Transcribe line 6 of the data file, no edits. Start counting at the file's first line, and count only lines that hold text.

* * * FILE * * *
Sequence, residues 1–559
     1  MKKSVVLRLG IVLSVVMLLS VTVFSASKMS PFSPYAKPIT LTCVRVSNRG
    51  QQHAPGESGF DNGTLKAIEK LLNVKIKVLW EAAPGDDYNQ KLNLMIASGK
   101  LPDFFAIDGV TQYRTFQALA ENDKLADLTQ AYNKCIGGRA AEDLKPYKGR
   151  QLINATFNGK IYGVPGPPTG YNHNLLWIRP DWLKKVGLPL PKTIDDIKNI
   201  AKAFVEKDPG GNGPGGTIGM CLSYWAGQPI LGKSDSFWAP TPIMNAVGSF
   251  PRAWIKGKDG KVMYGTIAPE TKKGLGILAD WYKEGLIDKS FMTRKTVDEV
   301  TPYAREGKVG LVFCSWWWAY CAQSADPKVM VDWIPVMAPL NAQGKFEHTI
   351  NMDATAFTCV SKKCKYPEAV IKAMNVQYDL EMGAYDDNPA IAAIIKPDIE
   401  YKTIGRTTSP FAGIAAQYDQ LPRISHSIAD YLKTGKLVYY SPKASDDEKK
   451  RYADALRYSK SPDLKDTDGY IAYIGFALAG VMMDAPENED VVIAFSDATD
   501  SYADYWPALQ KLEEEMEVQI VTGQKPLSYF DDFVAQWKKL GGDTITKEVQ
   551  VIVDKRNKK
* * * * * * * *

   201  AKAFVEKDPG GNGPGGTIGM CLSYWAGQPI LGKSDSFWAP TPIMNAVGSF